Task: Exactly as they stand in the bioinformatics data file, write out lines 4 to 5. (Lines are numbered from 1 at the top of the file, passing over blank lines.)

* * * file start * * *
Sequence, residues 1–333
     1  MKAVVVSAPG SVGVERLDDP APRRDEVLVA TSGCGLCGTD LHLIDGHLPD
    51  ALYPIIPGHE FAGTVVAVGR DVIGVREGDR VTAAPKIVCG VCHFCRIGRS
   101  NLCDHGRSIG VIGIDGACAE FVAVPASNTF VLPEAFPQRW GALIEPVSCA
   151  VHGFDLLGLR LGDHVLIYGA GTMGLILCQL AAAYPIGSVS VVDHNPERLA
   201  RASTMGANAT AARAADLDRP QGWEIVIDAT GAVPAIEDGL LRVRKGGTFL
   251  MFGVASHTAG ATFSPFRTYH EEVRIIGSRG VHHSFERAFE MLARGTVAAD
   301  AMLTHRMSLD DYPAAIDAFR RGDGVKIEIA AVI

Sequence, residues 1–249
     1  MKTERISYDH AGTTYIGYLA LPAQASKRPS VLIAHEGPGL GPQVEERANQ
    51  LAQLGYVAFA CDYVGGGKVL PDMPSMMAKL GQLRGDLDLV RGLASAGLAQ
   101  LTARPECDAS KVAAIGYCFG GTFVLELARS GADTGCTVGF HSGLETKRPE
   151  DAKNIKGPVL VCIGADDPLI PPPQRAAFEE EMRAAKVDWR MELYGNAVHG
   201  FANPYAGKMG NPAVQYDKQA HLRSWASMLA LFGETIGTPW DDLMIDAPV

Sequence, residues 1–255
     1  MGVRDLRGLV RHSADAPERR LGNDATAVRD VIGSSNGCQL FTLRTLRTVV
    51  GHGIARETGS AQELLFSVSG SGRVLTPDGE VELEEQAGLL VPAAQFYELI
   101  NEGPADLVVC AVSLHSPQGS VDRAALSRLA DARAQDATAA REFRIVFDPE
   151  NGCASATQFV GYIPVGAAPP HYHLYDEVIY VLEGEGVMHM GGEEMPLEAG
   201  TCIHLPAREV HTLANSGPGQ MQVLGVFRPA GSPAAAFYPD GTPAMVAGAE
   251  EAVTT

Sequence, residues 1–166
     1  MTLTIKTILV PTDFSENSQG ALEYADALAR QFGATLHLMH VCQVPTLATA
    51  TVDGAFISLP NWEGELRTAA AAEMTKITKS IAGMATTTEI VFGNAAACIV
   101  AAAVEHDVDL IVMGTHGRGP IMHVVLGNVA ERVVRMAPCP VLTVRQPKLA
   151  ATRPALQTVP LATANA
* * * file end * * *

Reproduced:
   101  NLCDHGRSIG VIGIDGACAE FVAVPASNTF VLPEAFPQRW GALIEPVSCA
   151  VHGFDLLGLR LGDHVLIYGA GTMGLILCQL AAAYPIGSVS VVDHNPERLA